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Commercial Flooring News

Working Together

WE are all familiar with the concept of ‘putting the customer first’, and of course the importance of how taking a customer-led approach is a great way to help maintain a positive reputation for your company. A technical support site visit I made last month really highlighted this to me.

I visited a new housing estate with about 200 new homes of mixed size – varying from flats up to detached houses.The problem was that in one of these houses, luxury vinyl tiles had been laid in the corridor, kitchen and downstairs toilet, but had begun to delaminate shortly after the new owners had moved in.

According to the flooring contractor, the screed had been wet, so a damp proof membrane had been applied before the smoothing compound. They had then been careful to check that this was dry before the LVTs
were laid down. But a few weeks later the home owners contacted the developer, saying that the tiles had star ted popping.

So we were called to the site to take a look. The tiles were easily peeled from the floor, with the floor below wet to the touch and there was also the tell-tale smell of alkaline degradation, confirming that the problem was moisture related.

The first thing we checked was the wall cavities, as it was possible that moisture was entering the house from here. The housing developer was really helpful with this, removing several bricks from the wall to help us take a good look, which showed ever ything was in good condition.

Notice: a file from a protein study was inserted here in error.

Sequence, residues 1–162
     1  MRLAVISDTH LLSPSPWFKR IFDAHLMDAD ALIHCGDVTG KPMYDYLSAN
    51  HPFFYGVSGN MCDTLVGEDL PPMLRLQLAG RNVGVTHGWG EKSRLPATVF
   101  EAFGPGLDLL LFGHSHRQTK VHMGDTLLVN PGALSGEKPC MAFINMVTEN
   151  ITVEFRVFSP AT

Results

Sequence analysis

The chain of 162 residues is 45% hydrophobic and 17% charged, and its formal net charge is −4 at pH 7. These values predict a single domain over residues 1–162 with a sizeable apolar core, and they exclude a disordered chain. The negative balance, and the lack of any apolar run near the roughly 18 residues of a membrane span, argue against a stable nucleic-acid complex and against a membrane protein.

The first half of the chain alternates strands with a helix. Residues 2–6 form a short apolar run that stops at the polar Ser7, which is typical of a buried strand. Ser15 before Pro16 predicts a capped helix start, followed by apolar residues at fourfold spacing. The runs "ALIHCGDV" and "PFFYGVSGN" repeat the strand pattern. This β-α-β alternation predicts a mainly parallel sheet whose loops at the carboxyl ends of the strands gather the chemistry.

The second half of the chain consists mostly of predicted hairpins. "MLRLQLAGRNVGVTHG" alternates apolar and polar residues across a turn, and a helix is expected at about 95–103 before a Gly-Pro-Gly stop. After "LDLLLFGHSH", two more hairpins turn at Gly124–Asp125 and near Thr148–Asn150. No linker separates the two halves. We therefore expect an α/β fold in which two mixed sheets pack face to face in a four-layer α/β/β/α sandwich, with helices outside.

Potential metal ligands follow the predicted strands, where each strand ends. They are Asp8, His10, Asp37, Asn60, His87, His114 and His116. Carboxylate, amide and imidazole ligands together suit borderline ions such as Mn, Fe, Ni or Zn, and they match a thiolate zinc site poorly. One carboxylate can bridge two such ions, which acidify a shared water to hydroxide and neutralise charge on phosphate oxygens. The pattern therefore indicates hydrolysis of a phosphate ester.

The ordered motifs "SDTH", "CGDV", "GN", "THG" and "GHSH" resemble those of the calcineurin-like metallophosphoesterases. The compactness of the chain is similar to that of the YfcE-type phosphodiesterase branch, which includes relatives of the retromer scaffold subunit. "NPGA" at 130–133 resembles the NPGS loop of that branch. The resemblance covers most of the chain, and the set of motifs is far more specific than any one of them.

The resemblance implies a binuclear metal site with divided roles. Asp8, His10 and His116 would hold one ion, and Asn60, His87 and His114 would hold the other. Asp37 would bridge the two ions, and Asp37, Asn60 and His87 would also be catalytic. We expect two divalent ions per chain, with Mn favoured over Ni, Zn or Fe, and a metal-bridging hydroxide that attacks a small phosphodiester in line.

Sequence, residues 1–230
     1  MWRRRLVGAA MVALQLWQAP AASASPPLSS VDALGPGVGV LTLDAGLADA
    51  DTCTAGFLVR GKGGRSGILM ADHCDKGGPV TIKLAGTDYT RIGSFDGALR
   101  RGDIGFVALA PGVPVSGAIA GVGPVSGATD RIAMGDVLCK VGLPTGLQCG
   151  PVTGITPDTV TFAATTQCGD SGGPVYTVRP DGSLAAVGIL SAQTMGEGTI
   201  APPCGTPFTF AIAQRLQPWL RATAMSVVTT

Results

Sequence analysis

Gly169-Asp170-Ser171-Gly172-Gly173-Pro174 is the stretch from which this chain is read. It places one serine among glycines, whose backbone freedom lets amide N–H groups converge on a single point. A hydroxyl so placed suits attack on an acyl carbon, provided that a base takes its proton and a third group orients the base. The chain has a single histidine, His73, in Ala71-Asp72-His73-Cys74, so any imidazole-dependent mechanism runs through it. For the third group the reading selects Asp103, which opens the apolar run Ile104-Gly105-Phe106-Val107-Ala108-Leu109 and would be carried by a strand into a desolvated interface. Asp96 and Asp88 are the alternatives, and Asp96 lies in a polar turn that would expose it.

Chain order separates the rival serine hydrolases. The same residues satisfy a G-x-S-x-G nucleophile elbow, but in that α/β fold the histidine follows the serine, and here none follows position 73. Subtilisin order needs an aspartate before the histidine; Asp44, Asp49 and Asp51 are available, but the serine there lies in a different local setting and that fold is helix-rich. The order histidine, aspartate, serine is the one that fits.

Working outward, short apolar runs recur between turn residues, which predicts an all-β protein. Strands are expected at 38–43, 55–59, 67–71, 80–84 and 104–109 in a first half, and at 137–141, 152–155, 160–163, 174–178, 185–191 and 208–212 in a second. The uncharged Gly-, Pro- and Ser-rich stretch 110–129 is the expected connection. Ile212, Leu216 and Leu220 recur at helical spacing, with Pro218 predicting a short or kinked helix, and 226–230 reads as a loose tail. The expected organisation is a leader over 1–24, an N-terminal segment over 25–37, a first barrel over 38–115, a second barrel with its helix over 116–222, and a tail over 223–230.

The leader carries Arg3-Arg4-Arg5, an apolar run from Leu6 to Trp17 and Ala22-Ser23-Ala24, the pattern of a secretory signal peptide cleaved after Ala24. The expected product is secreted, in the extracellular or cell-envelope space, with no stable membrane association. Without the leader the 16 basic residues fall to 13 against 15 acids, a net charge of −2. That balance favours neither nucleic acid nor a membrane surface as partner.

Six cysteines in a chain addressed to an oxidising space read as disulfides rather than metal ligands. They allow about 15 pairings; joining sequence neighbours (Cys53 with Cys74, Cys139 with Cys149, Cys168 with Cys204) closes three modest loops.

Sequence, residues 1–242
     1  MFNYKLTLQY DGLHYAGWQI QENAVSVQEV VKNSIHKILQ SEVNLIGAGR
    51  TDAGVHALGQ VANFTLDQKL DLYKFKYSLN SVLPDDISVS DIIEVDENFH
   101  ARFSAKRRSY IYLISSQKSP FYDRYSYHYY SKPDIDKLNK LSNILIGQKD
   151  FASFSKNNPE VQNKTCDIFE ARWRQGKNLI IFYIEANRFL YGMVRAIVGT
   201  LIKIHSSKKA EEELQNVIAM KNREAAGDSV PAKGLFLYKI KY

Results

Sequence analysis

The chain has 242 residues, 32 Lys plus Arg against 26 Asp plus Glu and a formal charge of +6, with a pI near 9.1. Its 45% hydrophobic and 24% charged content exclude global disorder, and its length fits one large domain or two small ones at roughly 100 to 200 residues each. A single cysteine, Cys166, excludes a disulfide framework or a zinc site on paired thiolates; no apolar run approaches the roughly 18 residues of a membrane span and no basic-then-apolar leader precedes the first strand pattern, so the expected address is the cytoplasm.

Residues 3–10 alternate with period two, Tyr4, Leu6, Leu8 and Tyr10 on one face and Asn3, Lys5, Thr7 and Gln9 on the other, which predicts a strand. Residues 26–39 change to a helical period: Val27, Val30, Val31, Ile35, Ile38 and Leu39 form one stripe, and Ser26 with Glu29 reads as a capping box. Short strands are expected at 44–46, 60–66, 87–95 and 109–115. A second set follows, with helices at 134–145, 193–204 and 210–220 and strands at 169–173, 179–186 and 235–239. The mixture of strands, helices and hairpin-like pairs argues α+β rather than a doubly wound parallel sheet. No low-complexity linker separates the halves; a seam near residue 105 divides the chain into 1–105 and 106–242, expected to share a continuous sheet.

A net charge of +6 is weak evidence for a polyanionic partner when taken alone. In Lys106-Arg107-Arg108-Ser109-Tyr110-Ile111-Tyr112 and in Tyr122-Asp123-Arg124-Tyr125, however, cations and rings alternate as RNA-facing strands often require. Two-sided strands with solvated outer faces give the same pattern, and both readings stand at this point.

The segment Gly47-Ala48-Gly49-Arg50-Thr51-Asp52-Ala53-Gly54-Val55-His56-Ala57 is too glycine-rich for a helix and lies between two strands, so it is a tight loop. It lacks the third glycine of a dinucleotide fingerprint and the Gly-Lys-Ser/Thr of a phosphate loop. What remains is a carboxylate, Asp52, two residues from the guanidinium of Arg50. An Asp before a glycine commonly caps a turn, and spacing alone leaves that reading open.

A problem with the DPM itself also seems ver y unlikely, as the moisture is mainly around the downstairs toilet area –you would expect this to be more widespread if the DPM hadn’t been mixed properly, for example.
One possible explanation is a slight gap in the DPM around where the toilet pan was subsequently installed – it could be that moisture is rising through here and then spreading across the DPM and through the tiles.

This one is certainly a work in progress, but in the meantime the flooring contractor has agreed to pay back the homeowners for the work whilst a solution is found. Whilst I usually write about technical problems we have solved, I thought this job was well wor th covering because it highlights one of the positive sides of our industry.

The flooring contractor, the housing developer and we at Bostik are working together to make sure that the homeowners get the solution they need as soon as possible, and are accommodated for in the meantime.

Of course, there will be times when disputes happen, as I’ve covered in this column in the past, but the positive action of all concerned means that the home owner is happy, and importantly a good relationship between developer and flooring contractor is maintained for securing future work.

John Alcock is technical specifications manager at Bostik

www.bostik.com
T: 01785 272727

This article has been reproduced from the Contract Flooring Journal website. You can find them at www.contractflooringjournal.co.uk.